I can’t remember a single point in my life when I didn’t know who Lulu was. Since the 1960’s, she has become such an integral part of pop culture that you’d be hard pushed to find anyone that doesn’t know Lulu’s music in some form or another.
However despite her longevity, Lulu has never quite managed to escape the shadow cast by the early success she garnered at the start of her career and most people out there would struggle to name anything she’s done after 1980.
As a result, I think anyone, who hasn’t deliberately gone out their way to keep up to date with Lulu’s career, would be surprised to hear that not only is that career not over, but it has been revitalised and rejuvenated with the release of her new album.
Making Life Rhyme is Lulu’s first studio album in ten years and is nearly all the songs, with the exception of two, have been penned by Lulu herself.
Despite being in the music business for 50 years now, Lulu’s strong soulful voice that she is so well known for hasn’t gone anywhere and if anything, sounds better than ever now that there’s some life experience and emotion behind the songs that are on offer here.
The album opens with Faith In You, a catchy pop number with made whole with the addition of some funky guitar work. As album opener’s go, it certainly does the job at catching my attention. Its a track that was born to be played on the radio but the truth is, I can say the very same thing about pretty much every track on here.
From start to finish Making Life Rhyme feels like an album made of chart topping hits. It’s sounds like the greatest hits album that never was but with the added benefit of being fresh and new and exciting from the outset.
Every Single Day sounds like a track that could have been released at the height of Lulu’s career. It has that classic sound to it that fans of old will be familiar with while the modern production values will help appeal to the newer fans that this album is sure to bring to the Lulu family.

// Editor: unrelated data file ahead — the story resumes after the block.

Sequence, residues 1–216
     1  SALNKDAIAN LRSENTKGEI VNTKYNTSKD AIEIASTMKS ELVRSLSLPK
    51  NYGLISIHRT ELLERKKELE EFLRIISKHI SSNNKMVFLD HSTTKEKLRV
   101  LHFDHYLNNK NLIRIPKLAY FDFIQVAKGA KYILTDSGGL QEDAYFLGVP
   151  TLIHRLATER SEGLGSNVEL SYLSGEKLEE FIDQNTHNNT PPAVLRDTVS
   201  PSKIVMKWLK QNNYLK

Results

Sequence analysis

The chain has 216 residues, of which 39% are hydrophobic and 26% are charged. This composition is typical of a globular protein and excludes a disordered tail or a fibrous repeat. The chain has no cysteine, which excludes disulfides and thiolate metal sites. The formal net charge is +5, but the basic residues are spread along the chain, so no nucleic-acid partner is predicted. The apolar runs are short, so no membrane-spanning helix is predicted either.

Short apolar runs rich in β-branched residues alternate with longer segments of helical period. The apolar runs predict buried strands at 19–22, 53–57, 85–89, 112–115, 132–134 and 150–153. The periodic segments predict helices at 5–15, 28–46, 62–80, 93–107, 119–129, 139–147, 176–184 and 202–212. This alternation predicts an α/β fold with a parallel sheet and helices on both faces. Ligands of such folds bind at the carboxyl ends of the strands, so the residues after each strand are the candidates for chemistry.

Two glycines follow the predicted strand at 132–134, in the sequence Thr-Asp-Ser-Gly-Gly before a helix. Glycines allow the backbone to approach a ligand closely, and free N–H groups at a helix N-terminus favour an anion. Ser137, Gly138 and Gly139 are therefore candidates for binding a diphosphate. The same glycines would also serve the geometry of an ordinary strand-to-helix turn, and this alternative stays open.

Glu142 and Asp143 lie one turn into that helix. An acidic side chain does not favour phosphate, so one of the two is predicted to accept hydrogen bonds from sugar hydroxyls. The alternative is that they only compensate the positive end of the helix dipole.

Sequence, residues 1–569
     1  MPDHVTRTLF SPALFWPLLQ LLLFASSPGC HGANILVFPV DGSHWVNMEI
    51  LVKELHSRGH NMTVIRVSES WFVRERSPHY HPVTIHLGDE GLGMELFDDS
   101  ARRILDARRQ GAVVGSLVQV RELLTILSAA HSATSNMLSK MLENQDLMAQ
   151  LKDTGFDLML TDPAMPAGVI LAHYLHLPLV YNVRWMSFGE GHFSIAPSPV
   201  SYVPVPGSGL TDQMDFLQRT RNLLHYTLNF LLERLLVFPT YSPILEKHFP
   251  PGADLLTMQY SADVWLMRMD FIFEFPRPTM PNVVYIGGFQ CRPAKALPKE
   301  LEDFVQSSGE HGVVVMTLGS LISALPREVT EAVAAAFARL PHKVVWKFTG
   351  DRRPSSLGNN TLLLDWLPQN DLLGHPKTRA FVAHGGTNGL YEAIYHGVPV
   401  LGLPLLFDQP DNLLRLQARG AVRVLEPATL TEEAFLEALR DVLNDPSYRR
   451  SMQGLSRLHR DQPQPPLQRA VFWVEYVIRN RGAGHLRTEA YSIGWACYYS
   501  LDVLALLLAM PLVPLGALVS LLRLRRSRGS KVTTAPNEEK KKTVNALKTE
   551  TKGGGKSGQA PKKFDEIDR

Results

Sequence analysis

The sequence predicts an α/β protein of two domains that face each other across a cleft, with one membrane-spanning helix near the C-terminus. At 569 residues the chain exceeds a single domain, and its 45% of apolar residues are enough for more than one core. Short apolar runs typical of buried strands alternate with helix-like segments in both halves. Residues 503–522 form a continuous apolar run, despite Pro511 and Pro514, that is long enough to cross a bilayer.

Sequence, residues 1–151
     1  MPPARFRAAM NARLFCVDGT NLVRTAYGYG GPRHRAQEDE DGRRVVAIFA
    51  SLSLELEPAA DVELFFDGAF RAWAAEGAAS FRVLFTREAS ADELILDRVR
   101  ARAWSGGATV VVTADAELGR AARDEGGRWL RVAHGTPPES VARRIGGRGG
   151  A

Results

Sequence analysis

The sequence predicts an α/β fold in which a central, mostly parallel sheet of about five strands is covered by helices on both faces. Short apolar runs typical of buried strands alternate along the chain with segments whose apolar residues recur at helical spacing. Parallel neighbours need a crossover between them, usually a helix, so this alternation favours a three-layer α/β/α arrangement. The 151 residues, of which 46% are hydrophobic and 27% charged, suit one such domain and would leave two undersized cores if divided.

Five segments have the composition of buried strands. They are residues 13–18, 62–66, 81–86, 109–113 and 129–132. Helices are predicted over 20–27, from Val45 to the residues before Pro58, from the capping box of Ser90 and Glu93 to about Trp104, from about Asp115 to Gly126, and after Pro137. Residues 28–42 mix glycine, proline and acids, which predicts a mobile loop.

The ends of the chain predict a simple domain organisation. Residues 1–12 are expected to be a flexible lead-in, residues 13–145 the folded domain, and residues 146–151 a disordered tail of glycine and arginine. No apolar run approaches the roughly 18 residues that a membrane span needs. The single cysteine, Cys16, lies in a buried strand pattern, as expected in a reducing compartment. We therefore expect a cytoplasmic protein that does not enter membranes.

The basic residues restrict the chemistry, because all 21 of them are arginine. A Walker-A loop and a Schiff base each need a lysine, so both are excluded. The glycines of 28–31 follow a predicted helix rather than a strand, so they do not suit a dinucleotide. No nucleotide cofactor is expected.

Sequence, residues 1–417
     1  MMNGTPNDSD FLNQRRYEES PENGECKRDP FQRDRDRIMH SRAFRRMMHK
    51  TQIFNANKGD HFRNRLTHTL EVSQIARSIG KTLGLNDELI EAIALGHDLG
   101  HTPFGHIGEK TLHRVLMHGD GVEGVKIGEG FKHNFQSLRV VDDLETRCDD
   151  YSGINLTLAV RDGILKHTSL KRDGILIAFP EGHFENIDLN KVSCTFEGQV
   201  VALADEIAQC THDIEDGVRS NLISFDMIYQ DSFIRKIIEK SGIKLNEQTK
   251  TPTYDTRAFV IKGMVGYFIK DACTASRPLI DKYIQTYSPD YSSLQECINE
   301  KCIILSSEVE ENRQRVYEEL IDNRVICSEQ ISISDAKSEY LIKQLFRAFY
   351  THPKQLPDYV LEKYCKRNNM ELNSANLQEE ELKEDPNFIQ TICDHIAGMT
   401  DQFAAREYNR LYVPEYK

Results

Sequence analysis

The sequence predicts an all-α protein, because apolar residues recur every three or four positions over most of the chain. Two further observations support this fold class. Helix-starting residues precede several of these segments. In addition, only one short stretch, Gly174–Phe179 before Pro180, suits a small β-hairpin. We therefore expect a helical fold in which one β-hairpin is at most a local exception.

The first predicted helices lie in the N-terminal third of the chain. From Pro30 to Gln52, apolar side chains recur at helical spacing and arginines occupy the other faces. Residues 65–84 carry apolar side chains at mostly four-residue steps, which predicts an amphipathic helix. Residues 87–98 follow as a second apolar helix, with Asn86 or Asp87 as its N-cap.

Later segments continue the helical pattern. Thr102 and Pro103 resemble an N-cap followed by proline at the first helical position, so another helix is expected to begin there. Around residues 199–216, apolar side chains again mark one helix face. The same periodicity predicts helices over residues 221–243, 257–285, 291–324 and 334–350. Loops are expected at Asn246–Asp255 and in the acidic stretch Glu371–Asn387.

If you’re looking for something a little on the softer side then Cry is the song for you. It is a stunning track and easily one of our favourites as it helps display both the softer side of Lulu’s vocal ability, but it’s also a track which allows Lulu to wear her heart on her sleeve in a way that’s rarely been seen throughout her career.
With Lulu taking up the mantle as songwriter here, Making Life Rhyme quickly becomes her most personal album to date and with that personal touch, it also becomes the album the album that gets the most out of her stunning voice as there’s a story behind every lyric, every line, personal to her that you just don’t get when you sing someone else’s songs.
Not all the tracks here are penned by Lulu though. Have you ever wondered what would happen if you combined Lulu with Jimi Hendrix? No? Me neither, but I know because there’s a truly remarkable cover of Angel to be found on here that I’ll admit, as a Hendrix fan, eclipses the original in almost every way imaginable.
The whole album sounds like something written in the 70’s and recorded in the present and is sure to appeal to both fans of old and new alike and it proves that sometimes, the best truly is yet to come and in the case of Making Like Rhyme, the best is here.
by Edward Laing